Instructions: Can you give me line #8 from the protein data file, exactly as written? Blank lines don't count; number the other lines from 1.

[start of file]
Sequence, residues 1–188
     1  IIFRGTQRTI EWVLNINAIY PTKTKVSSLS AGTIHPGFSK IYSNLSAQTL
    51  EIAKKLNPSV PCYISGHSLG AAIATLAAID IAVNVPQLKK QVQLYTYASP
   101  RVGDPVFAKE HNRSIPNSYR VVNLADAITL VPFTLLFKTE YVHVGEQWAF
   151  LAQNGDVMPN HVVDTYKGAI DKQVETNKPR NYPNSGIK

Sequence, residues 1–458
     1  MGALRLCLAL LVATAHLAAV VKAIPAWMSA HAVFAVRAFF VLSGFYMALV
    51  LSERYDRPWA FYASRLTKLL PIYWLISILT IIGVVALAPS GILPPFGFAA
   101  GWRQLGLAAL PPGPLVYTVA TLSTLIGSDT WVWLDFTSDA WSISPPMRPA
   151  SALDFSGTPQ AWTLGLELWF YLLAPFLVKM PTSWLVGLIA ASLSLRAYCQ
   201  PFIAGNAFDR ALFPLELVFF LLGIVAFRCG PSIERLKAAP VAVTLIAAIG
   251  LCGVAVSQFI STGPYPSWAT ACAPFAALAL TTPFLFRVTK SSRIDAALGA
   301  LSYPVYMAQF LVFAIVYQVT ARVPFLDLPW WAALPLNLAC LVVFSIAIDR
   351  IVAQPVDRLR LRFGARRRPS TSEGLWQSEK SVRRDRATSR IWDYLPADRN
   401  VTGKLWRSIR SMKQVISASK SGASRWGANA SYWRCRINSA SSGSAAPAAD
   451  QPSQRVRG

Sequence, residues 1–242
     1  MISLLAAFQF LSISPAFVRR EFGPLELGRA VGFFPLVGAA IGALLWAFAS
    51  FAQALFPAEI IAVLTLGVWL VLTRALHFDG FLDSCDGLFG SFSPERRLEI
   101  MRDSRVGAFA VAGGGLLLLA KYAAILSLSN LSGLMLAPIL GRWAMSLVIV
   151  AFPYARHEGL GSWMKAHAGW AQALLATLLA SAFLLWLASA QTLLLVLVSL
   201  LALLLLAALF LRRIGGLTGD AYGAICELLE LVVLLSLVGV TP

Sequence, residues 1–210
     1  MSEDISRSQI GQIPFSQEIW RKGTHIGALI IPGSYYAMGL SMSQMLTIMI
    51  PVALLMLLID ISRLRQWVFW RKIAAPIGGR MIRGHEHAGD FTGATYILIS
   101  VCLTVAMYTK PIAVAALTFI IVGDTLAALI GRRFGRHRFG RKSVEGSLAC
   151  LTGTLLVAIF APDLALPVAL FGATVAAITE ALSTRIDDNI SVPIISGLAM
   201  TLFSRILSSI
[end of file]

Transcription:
    51  LSERYDRPWA FYASRLTKLL PIYWLISILT IIGVVALAPS GILPPFGFAA